ICBM guidance system technology evolved rapidly, though. In 1960, 100 percent of all microprocessors produced by Silicon Valley were purchased by the Pentagon, principally for ICBM guidance and early-warning radar systems like NORAD and its successors. Even as late as 1967, 75 percent of all Silicon Valley’s microprocessors were still going to the DOD.

      So Silicon Valley and the computer industry were totally built on the back of Pentagon spending initially. It was the Japanese who would principally open up the appliance and business market for computers.

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      1. Michaelmas

        David: a single EMP weapon, or indeed a salvo, would be crossing a politically critical threshold, and from an escalation perspective there’s not much difference between an EMP attack and a counter-value or counterforce attack.

        If WWIII comes, it will begin in orbit. One side — possibly China — will begin knocking down the other side’s satellite networks — and the US military depends absolutely on the network connectivity and oversight its satellites provide.

        So if one side sets off an EMP device — and proposals exist for such devices that aren’t nukes, though how valid they are I’ve no idea — matters will escalate, as you suggest.

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  7. Alan Roxdale

    The NYT et al slinking back into ‘leveler-head’ mode after 2+ months of absolute war hysteria is the height of duplicity. The propagandists are washing their hands of the consequences of their own deliberate actions.
    I’m not even willing to speculate on the causes. Pressures, internal coups, or just plain gaslighting. I recommend people stop reading these rags.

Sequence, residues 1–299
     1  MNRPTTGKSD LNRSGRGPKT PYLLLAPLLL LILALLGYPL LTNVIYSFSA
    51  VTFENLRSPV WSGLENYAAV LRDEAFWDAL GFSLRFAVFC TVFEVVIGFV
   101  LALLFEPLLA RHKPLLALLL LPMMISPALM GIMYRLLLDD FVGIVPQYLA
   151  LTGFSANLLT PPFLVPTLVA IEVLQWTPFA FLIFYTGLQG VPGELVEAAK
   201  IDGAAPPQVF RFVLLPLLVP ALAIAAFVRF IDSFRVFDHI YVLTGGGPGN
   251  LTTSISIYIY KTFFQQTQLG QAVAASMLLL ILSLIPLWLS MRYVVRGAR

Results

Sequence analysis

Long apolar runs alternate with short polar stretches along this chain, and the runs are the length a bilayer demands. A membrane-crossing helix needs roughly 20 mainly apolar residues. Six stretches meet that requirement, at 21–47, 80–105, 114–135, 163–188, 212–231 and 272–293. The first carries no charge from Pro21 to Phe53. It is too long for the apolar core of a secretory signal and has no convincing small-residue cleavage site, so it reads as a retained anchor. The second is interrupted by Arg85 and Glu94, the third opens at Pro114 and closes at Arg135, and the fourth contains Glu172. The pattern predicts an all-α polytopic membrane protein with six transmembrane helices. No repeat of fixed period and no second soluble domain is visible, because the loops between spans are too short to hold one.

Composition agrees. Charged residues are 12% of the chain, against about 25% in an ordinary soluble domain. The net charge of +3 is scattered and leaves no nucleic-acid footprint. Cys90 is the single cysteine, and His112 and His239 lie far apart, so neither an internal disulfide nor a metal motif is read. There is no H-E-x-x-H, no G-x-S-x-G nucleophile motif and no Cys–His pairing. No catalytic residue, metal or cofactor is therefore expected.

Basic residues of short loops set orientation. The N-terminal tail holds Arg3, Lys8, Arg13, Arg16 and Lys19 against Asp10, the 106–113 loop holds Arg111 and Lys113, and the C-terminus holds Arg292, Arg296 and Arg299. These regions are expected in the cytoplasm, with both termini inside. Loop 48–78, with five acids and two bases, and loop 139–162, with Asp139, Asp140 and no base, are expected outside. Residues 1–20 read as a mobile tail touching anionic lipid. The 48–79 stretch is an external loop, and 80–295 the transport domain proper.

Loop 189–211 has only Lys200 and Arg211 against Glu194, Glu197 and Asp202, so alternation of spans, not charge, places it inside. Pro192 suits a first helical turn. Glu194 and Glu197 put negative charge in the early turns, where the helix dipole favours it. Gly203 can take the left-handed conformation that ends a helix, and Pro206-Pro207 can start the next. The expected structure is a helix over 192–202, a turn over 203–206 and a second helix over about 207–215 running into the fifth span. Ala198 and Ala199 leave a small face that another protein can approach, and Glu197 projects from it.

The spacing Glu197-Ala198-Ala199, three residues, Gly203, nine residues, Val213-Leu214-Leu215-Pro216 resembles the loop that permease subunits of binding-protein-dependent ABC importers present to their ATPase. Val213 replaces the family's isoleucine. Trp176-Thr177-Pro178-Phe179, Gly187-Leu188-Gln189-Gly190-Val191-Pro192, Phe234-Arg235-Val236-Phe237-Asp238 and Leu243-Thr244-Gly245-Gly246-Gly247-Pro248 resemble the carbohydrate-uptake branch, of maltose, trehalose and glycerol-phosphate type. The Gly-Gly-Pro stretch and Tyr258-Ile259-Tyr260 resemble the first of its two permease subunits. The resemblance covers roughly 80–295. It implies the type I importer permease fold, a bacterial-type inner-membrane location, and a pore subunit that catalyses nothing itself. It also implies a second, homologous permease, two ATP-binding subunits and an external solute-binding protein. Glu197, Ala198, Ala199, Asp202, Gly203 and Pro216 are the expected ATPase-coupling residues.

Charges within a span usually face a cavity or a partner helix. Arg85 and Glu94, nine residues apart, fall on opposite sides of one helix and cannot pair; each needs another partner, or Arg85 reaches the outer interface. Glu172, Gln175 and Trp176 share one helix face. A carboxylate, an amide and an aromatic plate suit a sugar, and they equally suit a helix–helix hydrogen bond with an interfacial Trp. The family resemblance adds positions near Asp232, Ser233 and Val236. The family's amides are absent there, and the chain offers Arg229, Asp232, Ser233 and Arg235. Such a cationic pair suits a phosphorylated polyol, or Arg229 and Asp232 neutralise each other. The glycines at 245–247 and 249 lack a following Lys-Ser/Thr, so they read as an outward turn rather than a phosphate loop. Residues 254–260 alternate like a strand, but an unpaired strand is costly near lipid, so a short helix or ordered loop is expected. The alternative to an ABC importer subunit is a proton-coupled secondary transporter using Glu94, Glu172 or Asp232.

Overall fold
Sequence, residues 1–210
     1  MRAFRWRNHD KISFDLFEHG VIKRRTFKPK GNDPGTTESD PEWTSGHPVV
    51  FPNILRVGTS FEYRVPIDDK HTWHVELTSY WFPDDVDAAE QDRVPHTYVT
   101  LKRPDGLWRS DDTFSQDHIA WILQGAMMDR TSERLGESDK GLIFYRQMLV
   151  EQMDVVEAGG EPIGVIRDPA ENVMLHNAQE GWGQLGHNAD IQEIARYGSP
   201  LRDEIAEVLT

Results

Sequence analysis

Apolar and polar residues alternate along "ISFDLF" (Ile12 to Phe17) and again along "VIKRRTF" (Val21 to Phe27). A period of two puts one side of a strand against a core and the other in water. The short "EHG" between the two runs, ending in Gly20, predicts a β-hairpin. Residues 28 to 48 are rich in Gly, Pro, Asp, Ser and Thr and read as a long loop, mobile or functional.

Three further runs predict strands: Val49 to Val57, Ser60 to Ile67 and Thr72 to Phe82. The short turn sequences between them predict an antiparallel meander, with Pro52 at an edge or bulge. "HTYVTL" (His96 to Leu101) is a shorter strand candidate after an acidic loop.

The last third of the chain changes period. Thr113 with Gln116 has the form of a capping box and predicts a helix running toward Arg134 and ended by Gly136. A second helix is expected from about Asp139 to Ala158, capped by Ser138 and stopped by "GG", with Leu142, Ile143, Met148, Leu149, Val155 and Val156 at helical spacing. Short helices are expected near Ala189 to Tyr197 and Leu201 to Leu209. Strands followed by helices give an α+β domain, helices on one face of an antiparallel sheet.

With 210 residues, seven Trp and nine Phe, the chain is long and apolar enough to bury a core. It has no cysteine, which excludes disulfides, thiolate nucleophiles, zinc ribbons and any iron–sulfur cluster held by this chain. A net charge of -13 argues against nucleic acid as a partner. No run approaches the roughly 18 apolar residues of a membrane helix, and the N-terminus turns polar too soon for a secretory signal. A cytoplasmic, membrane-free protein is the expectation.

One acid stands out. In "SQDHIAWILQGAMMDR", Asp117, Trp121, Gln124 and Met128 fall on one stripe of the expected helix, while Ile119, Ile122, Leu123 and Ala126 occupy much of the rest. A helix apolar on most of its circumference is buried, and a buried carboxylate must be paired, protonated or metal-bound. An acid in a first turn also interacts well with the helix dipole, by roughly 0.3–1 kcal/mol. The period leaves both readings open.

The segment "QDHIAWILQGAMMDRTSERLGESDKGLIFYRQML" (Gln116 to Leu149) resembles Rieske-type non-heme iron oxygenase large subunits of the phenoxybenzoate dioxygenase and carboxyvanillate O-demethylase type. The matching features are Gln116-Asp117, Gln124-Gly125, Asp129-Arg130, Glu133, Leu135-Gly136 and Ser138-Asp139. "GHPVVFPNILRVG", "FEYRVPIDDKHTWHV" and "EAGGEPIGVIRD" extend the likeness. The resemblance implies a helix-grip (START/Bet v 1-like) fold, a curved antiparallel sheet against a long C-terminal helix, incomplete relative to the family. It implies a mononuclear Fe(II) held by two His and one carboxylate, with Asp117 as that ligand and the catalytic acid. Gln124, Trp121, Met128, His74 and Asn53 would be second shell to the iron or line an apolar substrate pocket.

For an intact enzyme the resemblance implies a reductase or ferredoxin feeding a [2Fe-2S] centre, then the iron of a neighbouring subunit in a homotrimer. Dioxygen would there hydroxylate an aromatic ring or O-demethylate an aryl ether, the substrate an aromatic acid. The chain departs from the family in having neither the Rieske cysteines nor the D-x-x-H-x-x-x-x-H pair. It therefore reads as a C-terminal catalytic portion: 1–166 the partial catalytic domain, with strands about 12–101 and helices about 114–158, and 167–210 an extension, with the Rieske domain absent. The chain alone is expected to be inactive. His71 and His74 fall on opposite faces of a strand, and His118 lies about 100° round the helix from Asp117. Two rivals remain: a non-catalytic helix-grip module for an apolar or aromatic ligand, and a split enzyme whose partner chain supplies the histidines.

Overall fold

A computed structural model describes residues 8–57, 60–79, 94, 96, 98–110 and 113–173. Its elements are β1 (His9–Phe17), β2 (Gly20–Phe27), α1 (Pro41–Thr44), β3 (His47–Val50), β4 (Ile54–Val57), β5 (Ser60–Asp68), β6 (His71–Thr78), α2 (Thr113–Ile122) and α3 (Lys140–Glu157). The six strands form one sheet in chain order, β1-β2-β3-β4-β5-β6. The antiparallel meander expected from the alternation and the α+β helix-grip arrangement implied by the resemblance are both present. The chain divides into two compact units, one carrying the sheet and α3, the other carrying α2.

Reply
    1. Susan the other

      The propaganda is very transparent. Absurdly so. The NYT changes it’s mind one day to the next. So what does that tell us? It says that there is another agenda – one which requires flexibility. The big picture of all this, imo, is still oil. 9-11 was the first round in a series of confrontations to gain control of Mid East oil. By Mid East I mean primarily the Caspian. The signal went dark on all things Caspian about 20 years ago, just after “The Prize” was written. It didn’t take long for us to conjure up a long term plan. Beginning with (Wesley Clark’s) overturning the governments of “7 countries” (never sure which ones they were: Syria, Iran, Iraq, Afghanistan, Lebanon, and about 6 more). So we did all that badly, sending mind-boggling amounts of war materiel over there and leaving it. Too expensive to bring back. Right. We stirred the shit in Georgia and tested the Russians. We created a big fuss in Dagestan (or tried to, remember the Tsarnaev brothers, etc.). Yemen; all over north Africa. We installed nukes in Romania. In Afghanistan, at first we enlisted the Karzai brothers to go to war with Russia – there was a big NATO confab and we made Afghanistan some sort of honorary member, iirc. That turned into a fiasco when the Karzai brothers fizzled and are now replaced by our old pals, the Taliban. Big Russia-haters. We failed our color-revolution in Kazakstan thanks to Russian troops. And we certainly would have failed in Ukraine if it were up to the Ukrainians to prosecute this secret agenda. But we extended the fall of Ukraine to allow us enough time to flood their country with missiles and tanks and all the army surplus we had, including biowarfare. This little war with Russia gave us perfect cover to ship massive amounts of mass destruction to depots in Ukraine and eastern Europe. What better excuse could there be to ship this stuff? We egged on the Ukrainians who were more than happy to play the fool. And now, Ukraine is a pile of garbage – but we have a clear-eyed analysis of just how Russia will behave in any given war. Plus we know the corridor we want to take to the Caspian from both Ukraine and Syria. And speaking of baby formula and our open Mexican border: It looks to my suspicious eye that we opened the border wide to allow easy access to Ukrainian refugees. So, I’d just submit that the NYT is only doing its usual propaganda to rationalize all the bits of the story that don’t fit. The problem for the NYT these days is that nobody believes anything they print. But I could be wrong.